To many, the ongoing debate over Social Security reform can be likened to a sign pointing in many different directions. Unfortunately, to some it doesn't matter which way we go to "fix" the system, just so long as we go somewhere.
The National Association of Manufacturers is one organization that believes we shouldn't just go anywhere - we care where we end up. While we don't pretend to have all the answers, we believe the nation has no choice but to reach a consensus solution on Social Security that honors promises, strengthens the safety net and promotes economic growth.
Social Security reform must ensure that the system can provide promised benefits to those near retirement, retain a safety net for the truly needy and, for the rest of us, move toward individual savings rather than collective entitlements.
Specifically, we propose transforming a portion of the Social Security program to a system for retirement savings by individuals, funded with a choice of investment opportunities. These individually owned retirement savings accounts would be mandatory, used exclusively for retirement and be the sole property of individuals and their heirs. They should be managed and invested independently of government control, and allow employees who are setting aside their own money reasonable flexibility in selecting among investment funds.
For example, under this system a married couple in their mid-30s, with combined annual wages of $60,000, who invest 9% of their income yearly in the U.S. stock market, could accumulate $1 million by the time they retire in 30 years, assuming historic returns.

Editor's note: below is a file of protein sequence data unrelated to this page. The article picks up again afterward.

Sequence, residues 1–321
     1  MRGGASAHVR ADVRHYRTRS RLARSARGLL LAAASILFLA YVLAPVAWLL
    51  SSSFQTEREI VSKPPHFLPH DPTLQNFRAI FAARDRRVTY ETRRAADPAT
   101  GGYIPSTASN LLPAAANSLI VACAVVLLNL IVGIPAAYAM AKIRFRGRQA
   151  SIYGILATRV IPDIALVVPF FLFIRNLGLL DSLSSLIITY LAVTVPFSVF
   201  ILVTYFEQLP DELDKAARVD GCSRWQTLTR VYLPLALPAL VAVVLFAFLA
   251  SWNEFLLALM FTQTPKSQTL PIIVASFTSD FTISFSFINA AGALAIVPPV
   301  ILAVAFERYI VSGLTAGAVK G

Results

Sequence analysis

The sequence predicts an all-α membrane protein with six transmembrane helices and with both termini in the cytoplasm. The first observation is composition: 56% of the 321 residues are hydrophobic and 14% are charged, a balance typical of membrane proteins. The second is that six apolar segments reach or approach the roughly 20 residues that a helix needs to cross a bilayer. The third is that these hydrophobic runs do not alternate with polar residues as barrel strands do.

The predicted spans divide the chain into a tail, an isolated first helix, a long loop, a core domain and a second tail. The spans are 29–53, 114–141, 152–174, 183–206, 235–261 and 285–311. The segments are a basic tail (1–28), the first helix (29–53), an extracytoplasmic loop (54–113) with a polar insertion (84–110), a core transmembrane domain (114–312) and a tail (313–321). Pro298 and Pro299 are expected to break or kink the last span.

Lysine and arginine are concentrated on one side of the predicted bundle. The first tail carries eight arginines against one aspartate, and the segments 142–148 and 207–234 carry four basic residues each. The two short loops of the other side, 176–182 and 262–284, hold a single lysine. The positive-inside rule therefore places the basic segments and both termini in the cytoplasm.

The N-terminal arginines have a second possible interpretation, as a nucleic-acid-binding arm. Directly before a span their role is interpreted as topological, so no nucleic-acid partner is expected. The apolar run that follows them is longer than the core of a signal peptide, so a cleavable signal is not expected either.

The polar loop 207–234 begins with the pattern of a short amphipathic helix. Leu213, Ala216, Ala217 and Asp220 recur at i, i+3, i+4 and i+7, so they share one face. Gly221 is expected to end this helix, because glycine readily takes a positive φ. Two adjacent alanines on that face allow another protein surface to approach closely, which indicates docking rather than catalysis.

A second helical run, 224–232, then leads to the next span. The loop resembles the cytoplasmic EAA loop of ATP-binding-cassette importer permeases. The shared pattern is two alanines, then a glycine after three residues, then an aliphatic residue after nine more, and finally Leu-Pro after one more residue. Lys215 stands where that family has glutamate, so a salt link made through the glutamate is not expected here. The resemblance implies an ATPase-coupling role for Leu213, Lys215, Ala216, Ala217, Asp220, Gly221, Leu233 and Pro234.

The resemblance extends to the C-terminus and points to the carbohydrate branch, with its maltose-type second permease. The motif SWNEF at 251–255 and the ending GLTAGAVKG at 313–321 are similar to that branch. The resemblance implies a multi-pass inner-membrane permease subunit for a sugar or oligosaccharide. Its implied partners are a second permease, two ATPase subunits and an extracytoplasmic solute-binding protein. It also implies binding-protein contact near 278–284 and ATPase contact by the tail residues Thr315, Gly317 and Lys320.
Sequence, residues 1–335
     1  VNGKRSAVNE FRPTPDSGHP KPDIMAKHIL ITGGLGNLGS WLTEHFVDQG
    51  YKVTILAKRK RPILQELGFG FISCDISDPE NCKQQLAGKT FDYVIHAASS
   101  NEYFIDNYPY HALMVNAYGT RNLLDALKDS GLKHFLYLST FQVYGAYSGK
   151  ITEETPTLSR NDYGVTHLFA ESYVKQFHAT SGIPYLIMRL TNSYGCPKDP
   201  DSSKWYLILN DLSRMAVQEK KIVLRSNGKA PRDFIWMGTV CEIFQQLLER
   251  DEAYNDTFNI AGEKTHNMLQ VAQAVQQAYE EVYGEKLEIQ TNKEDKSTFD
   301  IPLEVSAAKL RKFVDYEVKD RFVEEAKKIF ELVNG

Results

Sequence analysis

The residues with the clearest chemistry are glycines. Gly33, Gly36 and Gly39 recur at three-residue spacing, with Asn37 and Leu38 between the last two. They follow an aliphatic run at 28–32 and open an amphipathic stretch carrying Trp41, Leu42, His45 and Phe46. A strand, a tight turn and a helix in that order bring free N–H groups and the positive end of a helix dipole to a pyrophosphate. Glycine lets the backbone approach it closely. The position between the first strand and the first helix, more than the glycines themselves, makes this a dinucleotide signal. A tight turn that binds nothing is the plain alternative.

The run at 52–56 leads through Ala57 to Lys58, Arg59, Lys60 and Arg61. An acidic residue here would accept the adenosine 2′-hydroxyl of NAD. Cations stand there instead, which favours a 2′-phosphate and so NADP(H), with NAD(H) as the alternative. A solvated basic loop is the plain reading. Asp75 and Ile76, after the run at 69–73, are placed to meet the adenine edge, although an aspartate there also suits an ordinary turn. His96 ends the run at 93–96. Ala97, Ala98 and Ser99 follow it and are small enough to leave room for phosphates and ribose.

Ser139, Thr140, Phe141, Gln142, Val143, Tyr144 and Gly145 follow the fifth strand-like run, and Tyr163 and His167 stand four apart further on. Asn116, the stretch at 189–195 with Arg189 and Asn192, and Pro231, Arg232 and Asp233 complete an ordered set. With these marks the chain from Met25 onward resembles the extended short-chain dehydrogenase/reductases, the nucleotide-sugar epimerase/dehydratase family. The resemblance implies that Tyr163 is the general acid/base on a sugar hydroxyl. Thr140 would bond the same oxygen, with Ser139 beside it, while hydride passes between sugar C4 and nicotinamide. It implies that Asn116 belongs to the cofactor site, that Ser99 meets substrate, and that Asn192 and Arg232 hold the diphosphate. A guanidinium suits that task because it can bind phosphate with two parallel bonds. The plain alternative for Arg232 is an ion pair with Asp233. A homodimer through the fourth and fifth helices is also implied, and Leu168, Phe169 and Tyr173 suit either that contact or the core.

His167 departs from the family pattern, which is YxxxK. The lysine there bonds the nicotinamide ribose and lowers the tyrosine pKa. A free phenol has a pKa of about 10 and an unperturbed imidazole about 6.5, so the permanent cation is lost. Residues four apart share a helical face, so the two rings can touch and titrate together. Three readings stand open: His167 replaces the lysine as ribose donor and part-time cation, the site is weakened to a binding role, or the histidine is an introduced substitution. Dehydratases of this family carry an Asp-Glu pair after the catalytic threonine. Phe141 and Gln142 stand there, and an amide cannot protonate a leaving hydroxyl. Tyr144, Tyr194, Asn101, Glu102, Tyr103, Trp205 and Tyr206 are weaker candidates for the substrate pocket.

Restructuring the Social Security system would leave intact the "safety net" for those who truly depend on the program, while greatly increasing the prosperity of American workers by allowing them to control and own their own retirement savings, and leave unspent savings to their heirs.
Entitlement reform, particularly Social Security, is critical in fostering economic growth, no less for business than individuals. Higher economic growth remains the means to achieve economic security, through lower taxes, a balanced budget and a brighter future for today's workers and their children.
It does matter which way we go and where we end up. If we can act now to save Social Security, we'll spare the generations to come from an uncertain economic future.
The baby boomers are turning 50 at an astounding rate of 10,000 per day, with little assurance of what the future holds for Social Security. In fact, it's estimated that the Social Security trust fund will pay out more than it takes in when the baby boomers begin to retire in the year 2012.
Moreover, the number of senior citizens on Social Security will double to more than 80 million by the year 2030. At the same time, only two to three workers will be available to support each retiree - a far cry from the 20 workers who supported each retiree 50 years ago.
This unsustainable pay-as-you-go system will require raising payroll taxes dramatically to pay for those benefits. The new generation of workers would pay ever-increasing taxes, and get a poor return on what they had "contributed" through the wage-withholding of a lifetime.
Failure to reform Social Security will leave an unconscionable tax burden on our children and grandchildren. We can no long wait.
It's time to awaken to reality and demand real solutions - no Band-Aid quick fixes.
Sharon Canner is vice president-human resources policy at the National Association of Manufacturers, Washington.